The game offers you the freedom to fully explore the area and tackle the puzzles in any order that you please – again, showing that there is no hand holding in the game. Whilst the freedom is appreciated, the wide expansive area meant that sometimes it was difficult to know exactly where a puzzle may be. It would be easy to miss a puzzle in the game and with no map or anything to keep track of your progress you could spend a long time exploring for any missing puzzles – especially since the games expects you to have completed them all in order to finish the story. It’s a minor issue, and I was fortunate that I wasn’t left exploring around too much for missing puzzles. Still, a lot of time could be wasted just trying to find out where a puzzle might be. Thankfully you don’t resent exploring the area that much as it’s simply beautiful to look at.
Graphically The Vanishing Of Ethan Carter is awe inspiring. From the forestry, the abandoned train lines, a host of buildings, a river dam and down mines – everything looks spectacular from start to finish. From the sun light blasting through trees, showing off the flora and autumn foliage of Red Creek Valley to the views looking over the derelict bridge towards the stupendous lake as the sun shines down on it – The Astronauts have done a good job in making sure that The Vanishing Of Ethan Carter looks amazing from start to finish.
You don’t come across many characters in the game, but the ones you do are fluidly animated and modelled well. They don’t quite reach the graphical heights of the environment, but they do their job at sustaining the high graphical quality in the game.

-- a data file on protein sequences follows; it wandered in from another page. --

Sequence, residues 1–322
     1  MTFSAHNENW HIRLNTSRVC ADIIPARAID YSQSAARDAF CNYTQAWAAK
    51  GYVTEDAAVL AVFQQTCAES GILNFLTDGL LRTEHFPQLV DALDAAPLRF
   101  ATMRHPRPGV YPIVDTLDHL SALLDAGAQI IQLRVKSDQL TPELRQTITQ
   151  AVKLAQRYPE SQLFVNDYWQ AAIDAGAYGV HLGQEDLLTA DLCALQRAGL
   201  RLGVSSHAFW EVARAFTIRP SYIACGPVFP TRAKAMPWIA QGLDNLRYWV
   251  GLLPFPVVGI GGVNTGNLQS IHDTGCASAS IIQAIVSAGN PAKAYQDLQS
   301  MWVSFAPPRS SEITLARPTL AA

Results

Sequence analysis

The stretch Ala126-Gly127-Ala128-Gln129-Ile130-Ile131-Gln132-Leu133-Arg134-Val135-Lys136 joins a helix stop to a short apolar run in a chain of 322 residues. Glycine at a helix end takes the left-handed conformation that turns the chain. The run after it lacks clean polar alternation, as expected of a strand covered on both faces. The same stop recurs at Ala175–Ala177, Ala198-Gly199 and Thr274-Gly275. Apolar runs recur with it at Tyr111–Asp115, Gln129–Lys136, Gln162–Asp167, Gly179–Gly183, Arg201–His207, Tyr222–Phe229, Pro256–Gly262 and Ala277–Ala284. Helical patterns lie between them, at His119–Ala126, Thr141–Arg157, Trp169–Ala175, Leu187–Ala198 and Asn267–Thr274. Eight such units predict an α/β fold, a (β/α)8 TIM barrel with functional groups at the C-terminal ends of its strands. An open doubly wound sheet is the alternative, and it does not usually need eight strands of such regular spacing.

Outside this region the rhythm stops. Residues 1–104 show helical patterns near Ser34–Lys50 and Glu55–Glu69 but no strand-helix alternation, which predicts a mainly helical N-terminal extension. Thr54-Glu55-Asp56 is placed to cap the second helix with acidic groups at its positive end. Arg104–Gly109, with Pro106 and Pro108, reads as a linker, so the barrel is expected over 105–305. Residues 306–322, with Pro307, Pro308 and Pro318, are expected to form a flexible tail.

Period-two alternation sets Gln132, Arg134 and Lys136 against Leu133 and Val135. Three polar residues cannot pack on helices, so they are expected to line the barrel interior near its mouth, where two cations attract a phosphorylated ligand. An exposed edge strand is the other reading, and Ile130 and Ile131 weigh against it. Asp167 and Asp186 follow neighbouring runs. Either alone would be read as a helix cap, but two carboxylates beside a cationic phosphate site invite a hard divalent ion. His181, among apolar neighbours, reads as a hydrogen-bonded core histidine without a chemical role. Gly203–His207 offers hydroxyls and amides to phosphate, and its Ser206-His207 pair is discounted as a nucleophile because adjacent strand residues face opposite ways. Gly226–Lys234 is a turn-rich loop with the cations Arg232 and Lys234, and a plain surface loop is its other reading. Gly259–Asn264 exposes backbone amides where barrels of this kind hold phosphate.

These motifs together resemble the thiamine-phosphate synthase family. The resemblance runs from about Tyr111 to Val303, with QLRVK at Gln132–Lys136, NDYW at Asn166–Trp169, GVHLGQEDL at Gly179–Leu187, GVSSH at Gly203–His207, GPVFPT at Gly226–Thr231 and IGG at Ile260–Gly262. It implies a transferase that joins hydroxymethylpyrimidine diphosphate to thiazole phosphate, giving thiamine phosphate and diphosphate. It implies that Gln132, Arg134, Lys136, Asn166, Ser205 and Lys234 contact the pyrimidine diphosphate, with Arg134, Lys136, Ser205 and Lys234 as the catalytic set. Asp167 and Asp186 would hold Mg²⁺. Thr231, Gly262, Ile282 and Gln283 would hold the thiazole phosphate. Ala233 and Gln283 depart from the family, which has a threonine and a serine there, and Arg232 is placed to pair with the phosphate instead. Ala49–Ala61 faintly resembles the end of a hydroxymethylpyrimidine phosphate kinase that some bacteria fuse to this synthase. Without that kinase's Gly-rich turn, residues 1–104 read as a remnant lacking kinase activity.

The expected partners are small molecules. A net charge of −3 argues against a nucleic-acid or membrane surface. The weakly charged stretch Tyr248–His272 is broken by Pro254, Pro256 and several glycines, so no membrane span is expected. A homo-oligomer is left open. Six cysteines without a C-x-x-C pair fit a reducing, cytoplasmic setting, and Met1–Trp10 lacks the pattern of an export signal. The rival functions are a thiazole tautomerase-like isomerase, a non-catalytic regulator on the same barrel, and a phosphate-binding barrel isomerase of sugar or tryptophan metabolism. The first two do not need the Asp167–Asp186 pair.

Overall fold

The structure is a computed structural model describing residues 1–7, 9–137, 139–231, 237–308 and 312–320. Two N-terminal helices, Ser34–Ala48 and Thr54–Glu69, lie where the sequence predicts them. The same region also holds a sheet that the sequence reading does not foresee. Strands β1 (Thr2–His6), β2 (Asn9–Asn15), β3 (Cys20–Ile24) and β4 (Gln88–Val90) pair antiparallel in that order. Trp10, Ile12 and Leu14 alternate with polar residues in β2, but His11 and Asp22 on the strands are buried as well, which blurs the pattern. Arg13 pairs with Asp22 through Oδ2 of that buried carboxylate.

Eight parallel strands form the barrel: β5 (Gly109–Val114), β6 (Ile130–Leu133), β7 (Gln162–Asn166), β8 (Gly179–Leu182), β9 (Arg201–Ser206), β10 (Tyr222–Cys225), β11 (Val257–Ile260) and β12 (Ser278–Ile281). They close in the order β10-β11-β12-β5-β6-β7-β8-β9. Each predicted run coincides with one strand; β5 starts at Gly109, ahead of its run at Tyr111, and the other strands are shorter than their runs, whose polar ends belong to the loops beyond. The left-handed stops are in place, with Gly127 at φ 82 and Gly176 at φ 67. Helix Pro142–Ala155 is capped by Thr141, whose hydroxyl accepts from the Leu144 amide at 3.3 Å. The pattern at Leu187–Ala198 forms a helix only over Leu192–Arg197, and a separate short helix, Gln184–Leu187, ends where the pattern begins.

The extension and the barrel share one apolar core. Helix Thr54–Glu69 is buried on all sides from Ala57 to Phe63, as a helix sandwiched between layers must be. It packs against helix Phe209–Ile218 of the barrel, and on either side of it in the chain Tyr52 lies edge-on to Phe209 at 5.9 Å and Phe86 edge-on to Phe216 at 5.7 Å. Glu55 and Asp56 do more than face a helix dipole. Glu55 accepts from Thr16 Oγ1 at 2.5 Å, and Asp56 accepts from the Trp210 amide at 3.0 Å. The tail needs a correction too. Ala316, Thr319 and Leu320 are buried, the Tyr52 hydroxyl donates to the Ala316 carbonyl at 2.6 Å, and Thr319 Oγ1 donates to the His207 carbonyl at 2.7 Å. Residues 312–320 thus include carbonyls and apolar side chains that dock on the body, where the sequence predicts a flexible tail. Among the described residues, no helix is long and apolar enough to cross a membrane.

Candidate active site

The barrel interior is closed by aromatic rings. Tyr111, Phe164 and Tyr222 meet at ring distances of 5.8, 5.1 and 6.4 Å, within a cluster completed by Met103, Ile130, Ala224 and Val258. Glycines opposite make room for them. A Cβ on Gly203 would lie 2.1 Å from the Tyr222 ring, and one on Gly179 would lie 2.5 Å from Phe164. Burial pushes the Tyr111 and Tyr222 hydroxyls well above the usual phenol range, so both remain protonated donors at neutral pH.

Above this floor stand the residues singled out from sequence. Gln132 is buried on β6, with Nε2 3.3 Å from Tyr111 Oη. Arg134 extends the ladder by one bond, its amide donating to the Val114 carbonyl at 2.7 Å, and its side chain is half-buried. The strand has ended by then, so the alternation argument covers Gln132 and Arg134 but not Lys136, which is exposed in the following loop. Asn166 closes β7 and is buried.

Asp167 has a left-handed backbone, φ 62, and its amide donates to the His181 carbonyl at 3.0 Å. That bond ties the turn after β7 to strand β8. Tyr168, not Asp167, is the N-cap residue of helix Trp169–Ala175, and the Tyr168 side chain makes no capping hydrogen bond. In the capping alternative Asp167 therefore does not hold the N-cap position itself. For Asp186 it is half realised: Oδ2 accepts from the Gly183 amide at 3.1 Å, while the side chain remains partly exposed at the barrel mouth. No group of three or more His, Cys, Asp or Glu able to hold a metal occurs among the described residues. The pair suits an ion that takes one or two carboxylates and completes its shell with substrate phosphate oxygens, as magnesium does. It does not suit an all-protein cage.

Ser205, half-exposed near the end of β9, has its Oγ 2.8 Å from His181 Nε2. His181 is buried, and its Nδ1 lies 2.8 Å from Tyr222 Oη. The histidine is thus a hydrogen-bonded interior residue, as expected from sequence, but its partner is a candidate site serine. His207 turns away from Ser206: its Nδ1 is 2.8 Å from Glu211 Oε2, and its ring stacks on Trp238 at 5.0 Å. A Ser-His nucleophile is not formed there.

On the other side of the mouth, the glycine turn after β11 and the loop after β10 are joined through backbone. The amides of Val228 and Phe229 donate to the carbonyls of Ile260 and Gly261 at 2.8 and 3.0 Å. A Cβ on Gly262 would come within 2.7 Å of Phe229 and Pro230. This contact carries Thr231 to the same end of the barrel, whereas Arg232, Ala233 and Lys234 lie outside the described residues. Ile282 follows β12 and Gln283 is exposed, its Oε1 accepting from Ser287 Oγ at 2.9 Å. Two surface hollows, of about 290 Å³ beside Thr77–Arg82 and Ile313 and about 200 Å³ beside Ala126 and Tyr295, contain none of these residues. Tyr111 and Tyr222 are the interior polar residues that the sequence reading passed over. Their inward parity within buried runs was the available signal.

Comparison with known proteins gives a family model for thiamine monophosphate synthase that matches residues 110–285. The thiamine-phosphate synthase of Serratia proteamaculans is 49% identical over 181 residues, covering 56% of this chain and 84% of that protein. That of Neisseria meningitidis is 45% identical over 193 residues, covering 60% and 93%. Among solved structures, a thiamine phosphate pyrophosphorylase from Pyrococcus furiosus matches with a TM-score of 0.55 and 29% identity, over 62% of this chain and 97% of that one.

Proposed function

The music throughout the game is subtle but sets the tone perfectly, ominous tunes playing in the background as your solving the many mysteries. The tone changes depending how far through the puzzle you are or depending on the situation you are in. It’s certainly effective, although nothing ever really stands out. The compositions certainly fit in well with the eerie vibe of the game though.Voice acting is also well performed, each actor getting into their role perfectly and showing the mixed emotions of the troubled Carter family.
The Vanishing Of Ethan Carter was a unique experience. There are so many horror themed games that focus on narrative and exploration, but it still felt that little more unique and special here. There are the beautiful surroundings to get absorbed into, the ominous tunes or solving the trivial puzzles and discovering more about the grisly fates of the Carter family. Most of all though, the narrative really shines – there’s a sense of mystery that keeps you hooked from start to finish, but the game also delves into the innocent yet imaginative mind of a twelve year old boy. The little stories that Ethan has written and how they all tie into the overall plot are well constructed and add that extra dimension to the game. I’ve not played something quite like The Vanishing Of Ethan Carter and The Astronauts should be commended for putting such a great game out there.
– Fantastic narrative keeps you hooked from start to finish
– Amazing, beautiful environments
– Enjoyable puzzles
– Would have enjoyed a few extra puzzle varieties
– Sometimes it’s hard to keep track of everything
Format Reviewed: Playstation 4